As parents of high school graduates scramble to get their hands on their children’s English eligibility certificates, Quebec’s Education Ministry still hasn’t figured out how to make the important document accessible to English CEGEPs.
The names of students who have the right to study in Quebec’s English schools are compiled in a database run by the Education Ministry.
School board admission specialists are able to access the database to verify the eligibility of new students, but so far, the government has not come up with a plan to allow the registrar’s office in English CEGEPs and private colleges to access the database.
The government’s desire to fast-track Bill 96 in English CEGEPs is causing confusion and worry among parents, who have been told their children will need to submit their eligibility certificate with their CEGEP application, due by March 1.
Dozens of parents are turning up at school board offices across the province trying to obtain a duplicate of the certificate if it’s been lost or misplaced, or apply for the document for the first time in cases in which their child attends school in French.
“People are coming out of the woodwork who never got the certificate for their children. Those people are coming in in much larger numbers,” said Michael Cohen, a spokesperson for the English Montreal School Board.
Although the Higher Education Ministry hasn’t officially informed school boards and private schools that eligibility certificates will have to be submitted with CEGEP applications by March 1, news of the policy has filtered down to parents and students through the grapevine, said Tom Rhymes, assistant director general of the Lester B. Pearson School Board.
“My admissions people are already working late,” Rhymes said in an interview this week. “We have told (the ministry) that we are late in the process. It’s bit of a step backward (asking people to submit eligibility certificates).”
Adopted last spring, Bill 96 will bring changes to the curriculum and admission policy in the English college system.
All students will be required to take more French instruction, and francophone and allophone students will have to pass a new French exit exam to graduate.
Incoming students will have to prove they’re eligible for English education in Quebec to be exempt from writing the French exam.
Directives about how Bill 96 will be implemented are changing on the fly, and in some cases have yet to be defined.
Last week, a spokesperson for the Education Ministry emailed the Montreal Gazette saying that anglophone students would not be required to resubmit their eligibility certificate when applying to CEGEP next year.
However, in a meeting last Friday, the directors general of English CEGEPs were told the certificate would be required when submitting applications, said Megan Ainscow, a spokesperson for Dawson College.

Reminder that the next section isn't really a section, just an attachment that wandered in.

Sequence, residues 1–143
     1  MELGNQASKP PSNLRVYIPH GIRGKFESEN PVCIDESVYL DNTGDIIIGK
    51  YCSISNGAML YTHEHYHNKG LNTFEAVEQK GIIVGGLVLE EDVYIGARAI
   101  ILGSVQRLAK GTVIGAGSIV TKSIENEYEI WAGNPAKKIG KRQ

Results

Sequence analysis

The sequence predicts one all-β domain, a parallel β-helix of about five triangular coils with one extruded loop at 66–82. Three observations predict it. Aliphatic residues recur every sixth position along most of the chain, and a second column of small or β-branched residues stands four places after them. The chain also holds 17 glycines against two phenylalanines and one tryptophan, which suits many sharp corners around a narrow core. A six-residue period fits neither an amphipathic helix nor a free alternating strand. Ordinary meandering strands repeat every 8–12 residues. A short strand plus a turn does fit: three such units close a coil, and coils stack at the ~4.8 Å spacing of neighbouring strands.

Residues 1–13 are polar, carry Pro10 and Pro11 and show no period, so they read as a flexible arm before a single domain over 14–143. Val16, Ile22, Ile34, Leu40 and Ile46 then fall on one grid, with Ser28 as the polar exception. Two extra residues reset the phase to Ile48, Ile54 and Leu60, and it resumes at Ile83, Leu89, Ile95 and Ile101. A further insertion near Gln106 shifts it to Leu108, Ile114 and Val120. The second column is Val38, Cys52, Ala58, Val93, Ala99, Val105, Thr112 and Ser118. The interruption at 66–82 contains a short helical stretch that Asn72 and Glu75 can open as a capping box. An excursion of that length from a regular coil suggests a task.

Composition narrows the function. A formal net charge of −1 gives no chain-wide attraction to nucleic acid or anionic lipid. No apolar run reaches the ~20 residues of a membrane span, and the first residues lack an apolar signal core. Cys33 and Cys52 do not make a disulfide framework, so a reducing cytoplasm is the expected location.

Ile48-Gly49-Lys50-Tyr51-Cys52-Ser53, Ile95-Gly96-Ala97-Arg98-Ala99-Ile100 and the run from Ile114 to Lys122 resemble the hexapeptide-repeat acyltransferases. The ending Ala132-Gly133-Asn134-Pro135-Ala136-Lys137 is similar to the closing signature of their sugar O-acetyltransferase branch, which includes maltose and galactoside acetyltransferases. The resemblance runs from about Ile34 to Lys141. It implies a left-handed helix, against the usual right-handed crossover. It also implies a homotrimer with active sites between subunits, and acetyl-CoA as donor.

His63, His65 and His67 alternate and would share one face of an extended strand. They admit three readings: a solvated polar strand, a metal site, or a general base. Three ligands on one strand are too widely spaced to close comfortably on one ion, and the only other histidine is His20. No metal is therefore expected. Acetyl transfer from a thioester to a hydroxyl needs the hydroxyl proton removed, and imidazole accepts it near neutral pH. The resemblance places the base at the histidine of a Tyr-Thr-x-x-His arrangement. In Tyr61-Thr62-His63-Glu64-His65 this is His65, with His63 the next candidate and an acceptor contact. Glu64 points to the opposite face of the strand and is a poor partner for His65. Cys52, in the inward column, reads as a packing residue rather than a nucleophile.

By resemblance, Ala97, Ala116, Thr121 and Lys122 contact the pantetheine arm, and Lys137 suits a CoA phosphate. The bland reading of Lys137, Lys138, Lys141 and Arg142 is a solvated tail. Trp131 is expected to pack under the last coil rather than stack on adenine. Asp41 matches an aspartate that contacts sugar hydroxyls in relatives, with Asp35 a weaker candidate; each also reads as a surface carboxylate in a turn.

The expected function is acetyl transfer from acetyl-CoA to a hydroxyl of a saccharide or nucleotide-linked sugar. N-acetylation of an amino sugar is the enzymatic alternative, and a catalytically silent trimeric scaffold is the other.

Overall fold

CEGEP officials were also told that priority admission of anglophone students would be delayed by one semester, until January 2024.
The government had hoped to implement new admission rules for the fall 2023 cohort, but had to push back the start date to comply with Bill 96’s legal framework.
In Quebec City, the opposition Liberals said parents and students expect “a simple and flexible administrative process, exempt of undue burdens.”
“We ask that the government put in place an automated process, given that the ministry of education already has the required information and can transfer it to the ministry of higher education via the student’s permanent code, rather than forcing parents and students to jump through useless hoops,” the party said in a statement.
Education Ministry officials have told the Montreal Gazette that discussions are underway to allow English colleges to access the database.
In the meantime, school board officials and some private schools are recommending parents make sure they have their children’s eligibility certificates before CEGEP applications are submitted.
At the Sir Wilfrid Laurier School Board, a few dozen parents have requested eligibility certificates after seeing posts about the issue on Facebook or reading new reports about Bill 96.
“We had about 20 people last week,” said Maxeen Jolin, a communications co-ordinator at the board, which covers Laval, the Laurentians and Lanaudière.
“Most are Secondary V students who go to French high school but want to go to an English CEGEP,” she said. “Some have children who go to elementary school in French, but their parents want to make sure they have the certificate just in case something happens.”
A child living in Quebec qualifies for English eligibility if they or a sibling did the majority of their elementary or secondary school studies in English in Canada. Children whose parents did the majority of their elementary studies in English anywhere in Canada are also eligible.
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